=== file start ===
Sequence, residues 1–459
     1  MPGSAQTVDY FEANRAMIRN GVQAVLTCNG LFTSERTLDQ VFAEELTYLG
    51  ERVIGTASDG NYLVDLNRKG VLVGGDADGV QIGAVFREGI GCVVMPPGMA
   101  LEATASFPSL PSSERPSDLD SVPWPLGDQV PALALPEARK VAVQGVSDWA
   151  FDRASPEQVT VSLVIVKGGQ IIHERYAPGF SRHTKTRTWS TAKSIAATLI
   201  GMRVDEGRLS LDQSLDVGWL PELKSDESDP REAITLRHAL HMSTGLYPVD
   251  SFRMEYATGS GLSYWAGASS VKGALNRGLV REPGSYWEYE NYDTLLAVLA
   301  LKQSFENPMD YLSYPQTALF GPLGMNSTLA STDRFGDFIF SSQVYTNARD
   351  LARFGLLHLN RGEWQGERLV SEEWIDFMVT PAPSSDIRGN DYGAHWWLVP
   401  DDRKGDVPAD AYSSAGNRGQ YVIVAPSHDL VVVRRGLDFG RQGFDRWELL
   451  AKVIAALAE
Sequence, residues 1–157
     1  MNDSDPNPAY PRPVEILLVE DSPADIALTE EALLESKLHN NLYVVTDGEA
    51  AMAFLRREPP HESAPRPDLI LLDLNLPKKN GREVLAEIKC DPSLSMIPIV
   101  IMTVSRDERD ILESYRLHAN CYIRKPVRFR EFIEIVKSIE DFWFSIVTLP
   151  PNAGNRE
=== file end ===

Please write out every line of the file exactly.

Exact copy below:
Sequence, residues 1–459
     1  MPGSAQTVDY FEANRAMIRN GVQAVLTCNG LFTSERTLDQ VFAEELTYLG
    51  ERVIGTASDG NYLVDLNRKG VLVGGDADGV QIGAVFREGI GCVVMPPGMA
   101  LEATASFPSL PSSERPSDLD SVPWPLGDQV PALALPEARK VAVQGVSDWA
   151  FDRASPEQVT VSLVIVKGGQ IIHERYAPGF SRHTKTRTWS TAKSIAATLI
   201  GMRVDEGRLS LDQSLDVGWL PELKSDESDP REAITLRHAL HMSTGLYPVD
   251  SFRMEYATGS GLSYWAGASS VKGALNRGLV REPGSYWEYE NYDTLLAVLA
   301  LKQSFENPMD YLSYPQTALF GPLGMNSTLA STDRFGDFIF SSQVYTNARD
   351  LARFGLLHLN RGEWQGERLV SEEWIDFMVT PAPSSDIRGN DYGAHWWLVP
   401  DDRKGDVPAD AYSSAGNRGQ YVIVAPSHDL VVVRRGLDFG RQGFDRWELL
   451  AKVIAALAE
Sequence, residues 1–157
     1  MNDSDPNPAY PRPVEILLVE DSPADIALTE EALLESKLHN NLYVVTDGEA
    51  AMAFLRREPP HESAPRPDLI LLDLNLPKKN GREVLAEIKC DPSLSMIPIV
   101  IMTVSRDERD ILESYRLHAN CYIRKPVRFR EFIEIVKSIE DFWFSIVTLP
   151  PNAGNRE